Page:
• The price of student football tickets is also going up—from more than 3,000 free student tickets distributed per game in past years to $7 per ticket this year, says ASUM’s Price (general admission tickets are $22). The student athletic fee will increase $2 per semester—from about $30 to $32 per fall semester, says Price—for the next four years. These increases are “part of the deficit reduction plan,” she says, referring to the athletic department’s approximately $1 million standing deficit from last year (about $580,000 in operating shortfall, and about $380,000 in accounting errors).

• The University is doing away with paper bills starting this year, says Director of University Relations Rita Munzenrider. Now students will receive electronic bills on their CyberBear e-mail accounts and can choose to pay by credit card or check. Replacing paper bills with electronic billing should save the University about $29,000 a year, says Munzenrider. (Another on-line upgrade is UM’s website, which has been refined to be more user-friendly and informative, she adds.)

• Students are moving in to the first UM apartment complex designated for single students only—as opposed to students with dependents—on Southwest Higgins. When construction is completed at the end of August, the Lewis and Clark Village will have 198 two- and three-bedroom apartments to house 462 students at a cost of $375 per month per bed, says Director of Residence Life Ron Brunell. A handful of students moved in on July 15; about 50 students are living there now, and about 350 beds have been rented for the fall, says Brunell. Rent includes all utilities except for phone and high-speed Internet, he says, and this year cable TV is included for the first time.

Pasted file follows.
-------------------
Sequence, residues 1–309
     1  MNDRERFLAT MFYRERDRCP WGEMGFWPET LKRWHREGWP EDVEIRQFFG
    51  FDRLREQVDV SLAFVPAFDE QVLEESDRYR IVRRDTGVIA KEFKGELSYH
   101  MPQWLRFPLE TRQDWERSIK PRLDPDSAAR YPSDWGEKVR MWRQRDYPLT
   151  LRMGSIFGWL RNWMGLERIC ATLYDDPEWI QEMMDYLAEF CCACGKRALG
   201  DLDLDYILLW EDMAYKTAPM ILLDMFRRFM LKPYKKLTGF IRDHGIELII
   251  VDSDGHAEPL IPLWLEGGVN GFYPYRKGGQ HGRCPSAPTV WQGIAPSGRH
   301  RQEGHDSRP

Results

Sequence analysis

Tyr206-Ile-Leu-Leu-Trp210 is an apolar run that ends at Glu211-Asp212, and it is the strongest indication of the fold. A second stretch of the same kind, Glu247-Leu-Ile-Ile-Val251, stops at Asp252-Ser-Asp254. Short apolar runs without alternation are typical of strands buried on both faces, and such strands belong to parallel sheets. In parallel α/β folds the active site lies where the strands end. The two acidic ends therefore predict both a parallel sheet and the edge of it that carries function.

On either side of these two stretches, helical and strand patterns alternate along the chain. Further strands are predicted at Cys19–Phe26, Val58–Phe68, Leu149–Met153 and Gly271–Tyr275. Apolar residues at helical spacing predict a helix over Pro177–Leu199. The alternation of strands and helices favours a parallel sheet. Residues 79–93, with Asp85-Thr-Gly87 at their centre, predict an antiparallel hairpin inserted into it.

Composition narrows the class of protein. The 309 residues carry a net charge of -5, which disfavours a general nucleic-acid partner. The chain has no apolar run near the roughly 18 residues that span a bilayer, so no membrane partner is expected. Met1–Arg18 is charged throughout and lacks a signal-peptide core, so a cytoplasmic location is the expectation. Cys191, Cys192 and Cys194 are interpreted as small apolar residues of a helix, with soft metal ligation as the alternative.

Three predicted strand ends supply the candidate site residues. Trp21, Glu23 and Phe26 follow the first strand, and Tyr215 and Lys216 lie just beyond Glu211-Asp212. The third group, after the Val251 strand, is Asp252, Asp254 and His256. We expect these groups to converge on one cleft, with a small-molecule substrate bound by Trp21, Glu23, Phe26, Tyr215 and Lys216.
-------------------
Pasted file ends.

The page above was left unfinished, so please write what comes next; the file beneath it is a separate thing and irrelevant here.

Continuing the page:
• Adjacent to the two new parking lots at the Lewis and Clark Village will be a new transit center with shuttle bus service and an indoor waiting area, says UM Public Safety Director Kenneth Willett. The parking lot will offer 300 new spaces in addition to the spaces provided for the new apartments, he says, which should displace some of the traffic congestion closer to campus. For now, there will be no charge or permits to park in the lots. The University has also purchased another bus, and Mountain Line will be changing its routes “to shorten their headway” and provide faster service, says Willett.

•The lobby of the president’s office in Main Hall has a new look this year, thanks to an art loan from a private collector who wishes to remain anonymous. “Landscape of an Armchair” by Willem de Kooning is about 5 feet by 7 feet, says Executive Assistant to the President Robert Frazier. The donor, says Frazier, will loan UM a new art work every 90 days. The de Kooning painting can be viewed from 8 a.m.–5 p.m., Monday through Friday, until October 31.